the season, formed last Friday cast
of the Bahamas and grew quickly. It
was upgraded to a hurricane
Saturday, when a warning was is
sued for the entire North Carolina
The hurricane crossed the Outer
Banks late Sunday packing 115 mph
winds before swirling up the East
Coast and causing damage in New
Besides the hurricane warning,
Brunswick County also was under a
tomado watch most of Saturday and
Sunday. The National Weather
Service had no reports of tornadoes
in the area.
South Brunswick Island beach
towns tracked the storm closely and
prepared for possible evacuations
STAff PHOTO BY OOUC lUItll
A SURFER enjoys a huge wave Sunday near //olden Reach
Fishing Pier. Waves up to 12 feet high shook the pier as they broke,
spraying those at the end of the span.
by chccking emergency equipment
and pulling employees and volun
teers on stand-by.
Holdcn Beach Town Manager
Gary Parker said the town was as
prepared as it could have been on
such short notice.
"This thing just formed in the
Bahamas Friday and we were laced
with it the next day," he said. "If we
have any more, 1 hope it gives us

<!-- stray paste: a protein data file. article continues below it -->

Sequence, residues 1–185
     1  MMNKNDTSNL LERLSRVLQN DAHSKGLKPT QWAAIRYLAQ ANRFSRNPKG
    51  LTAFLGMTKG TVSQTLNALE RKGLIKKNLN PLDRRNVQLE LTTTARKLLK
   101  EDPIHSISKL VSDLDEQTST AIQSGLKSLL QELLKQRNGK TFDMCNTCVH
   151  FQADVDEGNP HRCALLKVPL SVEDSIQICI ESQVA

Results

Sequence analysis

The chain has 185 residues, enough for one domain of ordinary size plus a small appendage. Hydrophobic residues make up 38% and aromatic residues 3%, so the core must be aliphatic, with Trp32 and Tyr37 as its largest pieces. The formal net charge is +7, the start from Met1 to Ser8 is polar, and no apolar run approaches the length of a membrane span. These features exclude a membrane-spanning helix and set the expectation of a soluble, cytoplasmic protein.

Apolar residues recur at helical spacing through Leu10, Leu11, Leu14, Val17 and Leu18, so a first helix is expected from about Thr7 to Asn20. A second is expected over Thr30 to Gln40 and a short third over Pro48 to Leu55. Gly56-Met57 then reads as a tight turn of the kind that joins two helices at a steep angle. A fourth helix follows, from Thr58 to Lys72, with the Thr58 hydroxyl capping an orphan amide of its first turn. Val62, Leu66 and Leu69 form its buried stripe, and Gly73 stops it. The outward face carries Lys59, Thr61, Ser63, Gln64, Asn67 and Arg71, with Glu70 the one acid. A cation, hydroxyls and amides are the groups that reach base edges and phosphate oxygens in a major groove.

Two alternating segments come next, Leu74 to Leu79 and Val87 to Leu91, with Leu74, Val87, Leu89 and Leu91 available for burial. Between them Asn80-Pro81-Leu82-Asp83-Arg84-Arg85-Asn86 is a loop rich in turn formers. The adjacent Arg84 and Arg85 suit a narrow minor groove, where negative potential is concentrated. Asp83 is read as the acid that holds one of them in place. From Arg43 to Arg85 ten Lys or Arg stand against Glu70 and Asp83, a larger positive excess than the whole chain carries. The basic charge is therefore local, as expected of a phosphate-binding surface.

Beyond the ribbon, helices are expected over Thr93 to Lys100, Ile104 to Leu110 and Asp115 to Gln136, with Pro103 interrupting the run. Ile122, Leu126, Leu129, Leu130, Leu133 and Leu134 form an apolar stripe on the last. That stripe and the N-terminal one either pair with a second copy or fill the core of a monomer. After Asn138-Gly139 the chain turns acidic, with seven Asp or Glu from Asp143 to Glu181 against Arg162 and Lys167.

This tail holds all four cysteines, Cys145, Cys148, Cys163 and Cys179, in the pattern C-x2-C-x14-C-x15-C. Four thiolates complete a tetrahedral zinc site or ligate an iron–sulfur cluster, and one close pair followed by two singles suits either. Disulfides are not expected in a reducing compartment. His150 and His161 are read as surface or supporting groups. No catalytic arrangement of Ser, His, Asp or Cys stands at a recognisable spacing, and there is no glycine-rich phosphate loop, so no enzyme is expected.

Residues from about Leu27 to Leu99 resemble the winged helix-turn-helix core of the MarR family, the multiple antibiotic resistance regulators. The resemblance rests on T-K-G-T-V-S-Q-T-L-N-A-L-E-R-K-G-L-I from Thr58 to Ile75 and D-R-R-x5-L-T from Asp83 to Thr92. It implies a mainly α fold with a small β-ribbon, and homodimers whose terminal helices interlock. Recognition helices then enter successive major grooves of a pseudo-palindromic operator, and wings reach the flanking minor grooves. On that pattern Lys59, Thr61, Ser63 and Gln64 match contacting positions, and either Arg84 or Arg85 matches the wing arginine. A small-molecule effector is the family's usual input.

more notice than that one did."
Building Inspector Dwight
Carroll said the rough seas and large
waves fueled by the storm caused
very liule bcach erosion. He said
the high tides during a new moon
two weeks ago caused more dam
Carroll posted two oceanfront
homes on Hillside Drive as unin
habitable Monday, one because ero
sion had exposed a septic tank and
another because pilings supporting
the structure were undermined.
"They were not a direct result of
Bob, although it did help it along a
little bit," the building inspector
A third house on Hillside thai
hasn't been inhabited since
Hurricane Hugo two years ago is
leaning toward the ocean. Carroll
said he is working with the owner
and insurance company to get the
There was no beach erosion or
property damage at Ocean Isle
Beach, said Building Inspector
"We've had more problems with
the rain over the past month than we
did with this storm," he said.
Roberson, who rode the entire
beach Monday morning, said waves
lapped at the base of the dunes at
the east end of the beach.
Property elsewhere didn't even
get wet. "We didn't lose a single
garbage can, and we didn't lose any
beach accesses," he said.
Ocean Isle was in its "first stage
alert" over the weekend. Employees
reported to work Saturday to check
equipment, and they were on stand
by until the hurricanc passed